The following useful terms aim to provide you with a simple and clear explanation of what some of the common conveyancing terms mean.
Caveat literally means beware, in real estate it provides a warning to a person such as a prospective purchasers who proposes to deal in the land. Normally the person lodging the caveat at the Titles Office will be the third party who has a right or interest in the land.
Certificate of Title
A Certificate of Title records property ownership. It is issued by the land registration authority and certifies that the land in question is lawfully owned. The Certificate of Title also describes the land in the sense that it indicates any encumbrances upon it.
Cooling off is the period of time in which a purchaser is entitled to terminate a signed contract. This period extends two clear business days after both the contract is signed and the Form 1 has been passed onto the purchaser. Not all contracts will include a cooling off period such as if the property is purchased by auction.
An easement gives an individual or a company (grantee), the right to use land owned by another party for a particular purpose such as service lines, drains, water pipes, or driveway access.
An encumbrance is the instrument by which any right, interest or other claim against land is registered on the title and affects the owner’s ability to sell the property.
Form 1 (Vendor Statement)
A Form 1 is a document the vendor must provide to the purchaser when selling a house, also known as a Vendor Statement. The Form 1 will disclose to a purchaser any particulars that may impact on the purchasers decision to purchase the property. If a contract has been signed, the Form 1 must be provided at least 10 days prior to settlement, the cooling off period will not commence until the Form 1 is provided. If the Form 1 is incorrect and is deemed defective the cooling off period will commence again once corrections have been made to the document.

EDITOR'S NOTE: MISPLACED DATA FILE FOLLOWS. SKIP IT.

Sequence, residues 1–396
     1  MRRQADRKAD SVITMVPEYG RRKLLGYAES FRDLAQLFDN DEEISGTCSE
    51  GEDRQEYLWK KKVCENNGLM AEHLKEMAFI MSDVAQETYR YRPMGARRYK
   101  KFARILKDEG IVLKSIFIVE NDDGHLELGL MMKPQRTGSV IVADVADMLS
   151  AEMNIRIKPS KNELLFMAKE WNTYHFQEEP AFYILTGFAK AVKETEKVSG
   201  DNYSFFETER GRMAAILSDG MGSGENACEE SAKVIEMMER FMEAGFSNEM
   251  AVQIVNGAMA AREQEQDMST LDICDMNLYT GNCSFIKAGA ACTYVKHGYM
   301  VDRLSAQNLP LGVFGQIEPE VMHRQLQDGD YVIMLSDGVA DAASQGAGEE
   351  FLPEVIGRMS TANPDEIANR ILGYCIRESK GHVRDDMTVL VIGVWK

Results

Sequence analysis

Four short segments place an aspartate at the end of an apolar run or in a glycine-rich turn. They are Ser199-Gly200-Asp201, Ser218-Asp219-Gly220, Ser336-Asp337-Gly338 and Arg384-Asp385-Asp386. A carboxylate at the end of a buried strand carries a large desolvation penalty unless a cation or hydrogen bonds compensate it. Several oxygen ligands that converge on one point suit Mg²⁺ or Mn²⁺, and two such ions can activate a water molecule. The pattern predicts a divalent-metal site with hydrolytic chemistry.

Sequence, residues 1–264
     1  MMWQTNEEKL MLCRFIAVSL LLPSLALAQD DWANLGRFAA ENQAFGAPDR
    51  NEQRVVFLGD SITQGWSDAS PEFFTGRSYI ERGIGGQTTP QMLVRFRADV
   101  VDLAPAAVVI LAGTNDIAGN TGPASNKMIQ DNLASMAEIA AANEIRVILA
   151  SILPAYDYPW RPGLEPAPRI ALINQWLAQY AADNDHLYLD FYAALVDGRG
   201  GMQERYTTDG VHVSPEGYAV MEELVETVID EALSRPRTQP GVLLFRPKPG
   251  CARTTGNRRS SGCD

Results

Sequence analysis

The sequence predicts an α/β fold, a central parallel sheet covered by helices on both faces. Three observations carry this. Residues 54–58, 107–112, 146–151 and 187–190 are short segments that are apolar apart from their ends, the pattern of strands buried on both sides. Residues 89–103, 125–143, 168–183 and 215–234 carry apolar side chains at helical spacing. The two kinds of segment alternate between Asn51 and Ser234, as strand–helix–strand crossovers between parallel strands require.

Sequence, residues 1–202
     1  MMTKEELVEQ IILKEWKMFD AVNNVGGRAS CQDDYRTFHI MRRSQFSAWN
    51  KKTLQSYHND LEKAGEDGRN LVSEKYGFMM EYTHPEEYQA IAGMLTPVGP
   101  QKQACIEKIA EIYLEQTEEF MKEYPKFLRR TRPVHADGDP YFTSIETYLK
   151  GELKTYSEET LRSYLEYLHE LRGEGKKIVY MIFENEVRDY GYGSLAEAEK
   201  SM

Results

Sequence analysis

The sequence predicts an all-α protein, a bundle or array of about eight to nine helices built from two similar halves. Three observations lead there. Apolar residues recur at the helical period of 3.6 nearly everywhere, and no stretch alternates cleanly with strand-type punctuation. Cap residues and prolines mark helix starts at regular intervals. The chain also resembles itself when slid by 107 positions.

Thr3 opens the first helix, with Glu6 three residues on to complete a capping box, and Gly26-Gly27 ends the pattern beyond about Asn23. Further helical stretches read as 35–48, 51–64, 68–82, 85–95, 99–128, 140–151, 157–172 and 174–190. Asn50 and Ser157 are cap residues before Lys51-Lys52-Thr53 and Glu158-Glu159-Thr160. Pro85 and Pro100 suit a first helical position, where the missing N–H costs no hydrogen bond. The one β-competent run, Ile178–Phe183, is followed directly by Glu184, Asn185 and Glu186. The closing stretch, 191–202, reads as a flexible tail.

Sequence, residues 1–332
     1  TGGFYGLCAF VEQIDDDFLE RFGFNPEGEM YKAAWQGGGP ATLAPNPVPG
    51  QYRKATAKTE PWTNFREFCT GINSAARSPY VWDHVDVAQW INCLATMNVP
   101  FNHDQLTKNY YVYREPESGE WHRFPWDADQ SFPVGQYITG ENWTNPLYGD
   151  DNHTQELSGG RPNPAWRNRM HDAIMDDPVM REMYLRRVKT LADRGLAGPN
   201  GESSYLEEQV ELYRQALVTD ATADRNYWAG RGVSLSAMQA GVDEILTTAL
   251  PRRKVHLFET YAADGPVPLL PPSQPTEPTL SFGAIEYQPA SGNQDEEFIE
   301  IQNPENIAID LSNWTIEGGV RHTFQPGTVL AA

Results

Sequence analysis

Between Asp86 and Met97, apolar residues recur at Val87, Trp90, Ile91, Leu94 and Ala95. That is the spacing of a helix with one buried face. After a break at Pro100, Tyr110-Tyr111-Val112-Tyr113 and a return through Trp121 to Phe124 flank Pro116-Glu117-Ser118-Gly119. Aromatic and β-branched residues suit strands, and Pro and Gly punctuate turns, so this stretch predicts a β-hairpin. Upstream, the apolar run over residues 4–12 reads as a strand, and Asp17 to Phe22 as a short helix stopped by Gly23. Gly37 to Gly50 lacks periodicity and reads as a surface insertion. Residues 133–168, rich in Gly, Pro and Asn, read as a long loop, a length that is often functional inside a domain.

When real property is registered in the names of two or more people as joint tenants, each registered owner does not have a specific share of the property. The principal feature of joint tenancy is the right of survivorship, where is a joint tenant dies, the ownership automatically vests in the surviving joint tenant.
Memorandum of Transfer
A document signed by both the vendor and the purchaser, which when registered in the Land Titles Office records the change of ownership of a property.
A shared wall between two pieces of property, most often in row-houses, semi-detached houses, or townhouses. The shared wall generally stands on the property boundary line.
A registered conveyancer is a licensed person qualified to advise and prepare documentation pertaining to property transactions.
Any person appearing by the register book or by any registered instrument of title to be the proprietor of land or of a mortgage encumbrance or lease.
A restriction in a title to limit, or govern, the use of the land.
Rights of way
Are indicated on the title at the Land Titles Office. They are often for the use of utilities or the respective council in order to make repairs to pipes, etc. No permanent structure may be built on a right of way.
To finalise the transaction, resulting in new certificates of title being issued.
The time and date when the transaction is settled.
A detailed statement of actual settlement costs, amounts paid to and by the settlement agent are shown including any fees, commissions, rates and taxes.
A condition set out in the contract that must be satisfied before the contract is legally binding.
Tenants in Common
Where there are two or more registered owners of real property, each registered owner has a separate, defined share of the property. The security for the beneficiaries of the tenants in common is protected in the event of the death of one of them.
Person or entity selling the asset.
A legal claim or attachment against property as security for payment of an obligation.